Doctors who stand for parliament

Dr Kieran Mullan, Conservative Candidate for Birmingham Hodge Hill – why do doctors stand for parliament?

“You’re a doctor, why would you want to be a politician?”

Six months into my first General Election campaign, that question (and other variations of it less suitable for publication), has been asked of me a few times on the doorstep.

The latest polls released in January show that doctors remain the most trusted profession in the UK, at 90%. Politicians are at just 16%. Why would anyone want to leave the most trusted profession to join one of the least?

Voters I have met in Birmingham Hodge Hill often seem happy, maybe even reassured, that they could have a doctor as their MP. They aren’t alone. In the current Parliament voters have elected six doctors to represent them, with Dr Daniel Poulter, Dr Sarah Wollaston and Dr Philip Lee all elected in 2010. And they have done well securing positions of influence, with Poulter becoming a health minister and Wollaston becoming Chair of the Health Select Committee.  It wasn’t long ago that we had a doctor in the Cabinet too (Dr Liam Fox MP).

There is a long history of doctors in Parliament. Nevertheless, some people I meet are genuinely baffled that I would want to be a MP when I could be a full time doctor. For me, I hope it never becomes a complete ‘either/or’ ultimatum. If elected, I would like to maintain some regular medical practice, just as some current ‘Medical Parliamentarians’ do. I hope this would be one of the better examples of where keeping an outside profession really would be beneficial for the public. It would certainly make sure I kept in touch with the reality of frontline public service.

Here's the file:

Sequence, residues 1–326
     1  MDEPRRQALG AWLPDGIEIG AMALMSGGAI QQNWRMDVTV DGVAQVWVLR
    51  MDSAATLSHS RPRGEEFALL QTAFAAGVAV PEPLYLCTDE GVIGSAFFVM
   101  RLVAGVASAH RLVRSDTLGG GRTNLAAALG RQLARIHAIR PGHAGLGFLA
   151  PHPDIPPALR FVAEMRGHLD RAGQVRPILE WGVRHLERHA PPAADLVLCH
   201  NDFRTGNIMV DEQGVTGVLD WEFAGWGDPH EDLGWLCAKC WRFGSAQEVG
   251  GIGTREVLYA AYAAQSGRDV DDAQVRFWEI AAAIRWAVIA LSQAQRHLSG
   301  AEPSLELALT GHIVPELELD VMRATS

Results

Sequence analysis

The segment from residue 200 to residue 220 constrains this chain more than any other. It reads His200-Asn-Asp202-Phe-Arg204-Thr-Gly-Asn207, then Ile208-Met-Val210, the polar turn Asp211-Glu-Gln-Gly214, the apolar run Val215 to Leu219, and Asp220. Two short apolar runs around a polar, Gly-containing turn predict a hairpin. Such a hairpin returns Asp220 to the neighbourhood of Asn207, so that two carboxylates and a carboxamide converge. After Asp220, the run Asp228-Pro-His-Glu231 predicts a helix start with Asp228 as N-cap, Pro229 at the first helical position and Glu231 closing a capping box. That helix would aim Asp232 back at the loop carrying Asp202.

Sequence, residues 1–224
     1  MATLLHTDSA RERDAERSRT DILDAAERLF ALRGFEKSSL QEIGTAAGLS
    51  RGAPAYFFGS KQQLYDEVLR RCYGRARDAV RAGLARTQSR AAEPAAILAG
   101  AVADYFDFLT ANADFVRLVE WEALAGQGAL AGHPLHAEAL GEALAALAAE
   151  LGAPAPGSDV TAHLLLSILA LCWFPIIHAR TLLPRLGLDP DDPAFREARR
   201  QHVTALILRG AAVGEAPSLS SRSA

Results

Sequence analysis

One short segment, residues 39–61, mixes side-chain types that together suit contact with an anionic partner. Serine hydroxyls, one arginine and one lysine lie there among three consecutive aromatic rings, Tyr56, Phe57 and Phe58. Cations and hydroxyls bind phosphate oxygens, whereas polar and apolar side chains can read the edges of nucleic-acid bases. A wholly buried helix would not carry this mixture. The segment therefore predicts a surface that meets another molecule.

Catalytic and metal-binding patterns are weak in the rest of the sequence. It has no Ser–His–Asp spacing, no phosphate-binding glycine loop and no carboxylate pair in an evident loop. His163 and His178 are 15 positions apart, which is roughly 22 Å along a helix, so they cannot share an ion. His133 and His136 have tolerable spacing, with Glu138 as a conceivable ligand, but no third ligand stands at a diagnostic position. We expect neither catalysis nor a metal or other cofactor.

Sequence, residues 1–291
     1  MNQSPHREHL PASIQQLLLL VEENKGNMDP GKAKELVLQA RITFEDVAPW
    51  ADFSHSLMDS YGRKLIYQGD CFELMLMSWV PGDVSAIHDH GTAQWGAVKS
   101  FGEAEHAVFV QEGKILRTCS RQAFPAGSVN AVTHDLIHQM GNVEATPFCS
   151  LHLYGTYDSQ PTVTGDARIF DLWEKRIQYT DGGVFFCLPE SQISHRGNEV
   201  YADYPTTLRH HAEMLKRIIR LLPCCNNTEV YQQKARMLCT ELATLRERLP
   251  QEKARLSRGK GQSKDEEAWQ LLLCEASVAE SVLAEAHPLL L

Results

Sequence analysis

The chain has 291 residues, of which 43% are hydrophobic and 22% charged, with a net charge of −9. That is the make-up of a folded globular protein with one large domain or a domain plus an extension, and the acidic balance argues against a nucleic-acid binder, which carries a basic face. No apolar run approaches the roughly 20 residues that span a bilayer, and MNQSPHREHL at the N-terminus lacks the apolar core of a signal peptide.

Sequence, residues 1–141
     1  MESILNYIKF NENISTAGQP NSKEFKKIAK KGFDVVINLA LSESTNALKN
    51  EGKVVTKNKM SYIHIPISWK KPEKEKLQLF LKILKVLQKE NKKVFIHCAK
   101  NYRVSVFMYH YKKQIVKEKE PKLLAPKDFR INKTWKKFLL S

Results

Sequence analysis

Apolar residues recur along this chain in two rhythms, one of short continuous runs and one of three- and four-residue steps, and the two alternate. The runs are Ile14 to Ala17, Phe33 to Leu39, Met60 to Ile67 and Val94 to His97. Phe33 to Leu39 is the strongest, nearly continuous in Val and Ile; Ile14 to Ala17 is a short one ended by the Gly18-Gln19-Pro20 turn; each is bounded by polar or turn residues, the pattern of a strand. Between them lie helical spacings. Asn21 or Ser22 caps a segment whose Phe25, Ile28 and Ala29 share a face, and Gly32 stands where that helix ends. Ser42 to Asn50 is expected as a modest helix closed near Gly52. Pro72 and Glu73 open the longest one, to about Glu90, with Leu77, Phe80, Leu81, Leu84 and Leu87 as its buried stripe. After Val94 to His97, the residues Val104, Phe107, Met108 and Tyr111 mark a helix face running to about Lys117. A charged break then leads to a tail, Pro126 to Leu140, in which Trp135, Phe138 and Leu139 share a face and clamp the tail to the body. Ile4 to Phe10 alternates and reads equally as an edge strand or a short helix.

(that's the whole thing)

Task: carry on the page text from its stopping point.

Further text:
I became a doctor because I wanted to make a positive difference. Over time I thought that I could make more of a positive difference as an MP, than solely working as a doctor. I have already been lucky enough to get some time out from my medical training, working for the Patients Association. Working for the Patients Association helped me understand patients’ perspectives better. As a doctor, you meet individual patients, hear about their problem, use your experience, skill and knowledge and prescribe a plan of treatment that evidence says will best treat them.

Campaigning for an organisation like the Patients Association, and campaigning as a political candidate, is very different. Take one issue I am passionate about – neglect of older people in hospitals. At the Patients Association I wrote reports and collected patient stories that garnered news headlines. It led to a series of inspections of NHS hospitals to identify neglect. By campaigning in this way I was able to help more people than I would ever reach as a sole doctor.

However, political campaigning has its downsides. I know that as a doctor I would have steady flow of people I could help. In politics, as a candidate, nothing is certain.  But once I knew what it felt like to wake up in the morning and spend the day arguing for what I believe to be right and fair, standing up for people I saw were being ignored or neglected, I knew it was a privilege that I wanted to repeat.

Sometimes it’s true that I don’t get the same warm welcome on the doorstep that I would as a GP doing a home visit, but I know that away from the cynicism and negativity that surrounds politics for some people, politics still provides a unique opportunity to make things better – an opportunity that other careers struggle to match.